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How counselling may be used to treat depression.

Hi guys and welcome to my latest blog post, in this post we will look at how the counselling process may be used to help with depression. Hope you enjoy the blog.

The good news is, depression is highly treatable, in fact recent figures show that somewhere between 80 to 90 percent of people respond well to treatment. The integrative model of therapy is an excellent way to help a client with depression as it allows the therapist and client to work on the underlying causes, life situations and put actions and techniques in place to help combat and stop reoccurrence. So how might this look in the therapy room? Well, the therapist may start out by taking a history from the client and seeing if there are any situational reasons that the client may be suffering. It may well be that the client is suffering because of an event from the past, here a therapist may use a psychodynamic based approach to explore these events and help uncover and process that past trauma, the therapist may then move on to using a person centred (PC) approach to see how these events are affecting the current life of the client and possibly from there, move on to some CBT work to help the client manage this situation and work with them on coping techniques. Interestingly, although I have laid it out very simply like this above, my experience of working with clients suffering from depression has taught me that on many occasions the CBT work needs to come first as the client requires the skills to cope with everyday life before they are in a position to look at the causes and underlying issues. In reality, it is not this simple and I have never actually sat in front of a client thinking ‘now I will use this approach’. The therapeutic relationship itself is far more organic than that and you should find once this working alliance is established you will move from CBT, PC and many other approaches without even thinking about it. Another key concept in my experience of working with a client with depression is they need to be heard. Many client may never have been listened to in there entire life, especially around depression as unfortunately there is still a stigma around mental health in this country. It is important not to underestimate just how therapeutic it can be for the client to be able to tell someone how they are feeling, in some cases you will actually see the relief they experience once they have been able to tell you and maybe more importantly, once you have understood them. If this happens, that client may at that moment for the first time in a long time realise they are not alone and sometimes that can be the turning point, that can be the moment that fall into the darkness is stopped and from there the ascent can begin.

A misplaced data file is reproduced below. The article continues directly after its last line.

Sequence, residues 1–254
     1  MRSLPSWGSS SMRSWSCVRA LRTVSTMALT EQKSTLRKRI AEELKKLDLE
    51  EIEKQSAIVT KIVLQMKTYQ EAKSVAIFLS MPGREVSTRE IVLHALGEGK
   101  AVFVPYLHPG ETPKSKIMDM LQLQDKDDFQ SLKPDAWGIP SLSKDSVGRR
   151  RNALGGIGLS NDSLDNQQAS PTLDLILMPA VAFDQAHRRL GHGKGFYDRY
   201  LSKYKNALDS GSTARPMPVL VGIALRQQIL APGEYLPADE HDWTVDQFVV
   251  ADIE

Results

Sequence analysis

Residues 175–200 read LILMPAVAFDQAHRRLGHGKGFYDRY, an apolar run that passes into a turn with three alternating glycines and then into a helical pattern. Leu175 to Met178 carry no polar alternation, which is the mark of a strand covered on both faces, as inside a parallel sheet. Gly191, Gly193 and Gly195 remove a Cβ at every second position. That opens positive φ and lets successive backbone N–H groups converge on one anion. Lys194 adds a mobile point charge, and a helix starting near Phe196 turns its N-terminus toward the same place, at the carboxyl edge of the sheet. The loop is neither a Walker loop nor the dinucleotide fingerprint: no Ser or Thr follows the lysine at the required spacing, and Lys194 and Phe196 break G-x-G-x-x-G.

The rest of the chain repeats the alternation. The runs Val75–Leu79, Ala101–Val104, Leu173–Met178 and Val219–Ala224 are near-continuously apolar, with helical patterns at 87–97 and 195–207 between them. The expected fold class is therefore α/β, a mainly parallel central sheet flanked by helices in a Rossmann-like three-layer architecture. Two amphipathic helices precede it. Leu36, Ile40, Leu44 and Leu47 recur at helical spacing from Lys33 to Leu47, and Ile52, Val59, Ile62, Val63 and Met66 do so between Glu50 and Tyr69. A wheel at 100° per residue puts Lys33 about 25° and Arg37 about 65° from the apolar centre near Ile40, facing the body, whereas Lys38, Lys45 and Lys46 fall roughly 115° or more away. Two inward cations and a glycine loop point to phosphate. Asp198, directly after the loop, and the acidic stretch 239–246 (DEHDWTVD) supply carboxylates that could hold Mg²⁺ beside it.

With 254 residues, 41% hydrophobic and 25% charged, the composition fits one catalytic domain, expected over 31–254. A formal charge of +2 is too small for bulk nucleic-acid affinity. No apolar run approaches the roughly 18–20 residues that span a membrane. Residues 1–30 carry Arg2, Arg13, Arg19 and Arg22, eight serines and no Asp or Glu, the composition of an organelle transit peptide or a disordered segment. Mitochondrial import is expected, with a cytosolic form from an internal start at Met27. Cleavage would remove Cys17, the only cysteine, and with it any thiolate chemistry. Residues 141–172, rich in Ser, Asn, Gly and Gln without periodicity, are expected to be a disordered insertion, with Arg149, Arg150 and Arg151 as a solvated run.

The above is just one way of working with depression and every therapist and client requires a different approach but as long as the core conditions are maintained and everything is done with the best outcome for the client as the sole goal, many of these approaches will make a difference. It’s worth mentioning here that the medical establishment in the UK suggests and recommends CBT as the main way to combat depression but my experience is that this is not always the right approach and on many occasions after initial success, once therapy had ended the client may find themselves slipping back into a depressive state. It is my belief that CBT forms a very necessary part of the work to be done with depression but it can lack the depth required to truly understand the client’s world. It is my opinion that CBT reduces the symptoms but does not treat the underlying “illness”.

Well guys that’s about it for this post, hoped you enjoyed it, as always if you have any feed back or would like to book an appointment please contact me at

To your best life,


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